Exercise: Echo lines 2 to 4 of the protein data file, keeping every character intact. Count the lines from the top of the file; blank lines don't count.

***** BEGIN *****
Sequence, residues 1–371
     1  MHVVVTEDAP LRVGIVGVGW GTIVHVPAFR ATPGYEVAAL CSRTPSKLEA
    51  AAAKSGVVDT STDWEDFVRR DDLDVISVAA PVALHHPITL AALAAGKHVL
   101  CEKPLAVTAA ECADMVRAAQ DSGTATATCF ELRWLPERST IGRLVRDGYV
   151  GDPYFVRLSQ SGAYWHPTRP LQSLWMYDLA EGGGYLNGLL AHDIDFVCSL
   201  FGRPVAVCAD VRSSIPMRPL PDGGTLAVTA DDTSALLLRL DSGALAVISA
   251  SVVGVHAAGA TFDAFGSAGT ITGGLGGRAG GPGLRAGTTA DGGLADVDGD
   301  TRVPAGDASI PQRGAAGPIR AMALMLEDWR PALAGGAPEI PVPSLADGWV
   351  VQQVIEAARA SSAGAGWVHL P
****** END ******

     1  MHVVVTEDAP LRVGIVGVGW GTIVHVPAFR ATPGYEVAAL CSRTPSKLEA
    51  AAAKSGVVDT STDWEDFVRR DDLDVISVAA PVALHHPITL AALAAGKHVL
   101  CEKPLAVTAA ECADMVRAAQ DSGTATATCF ELRWLPERST IGRLVRDGYV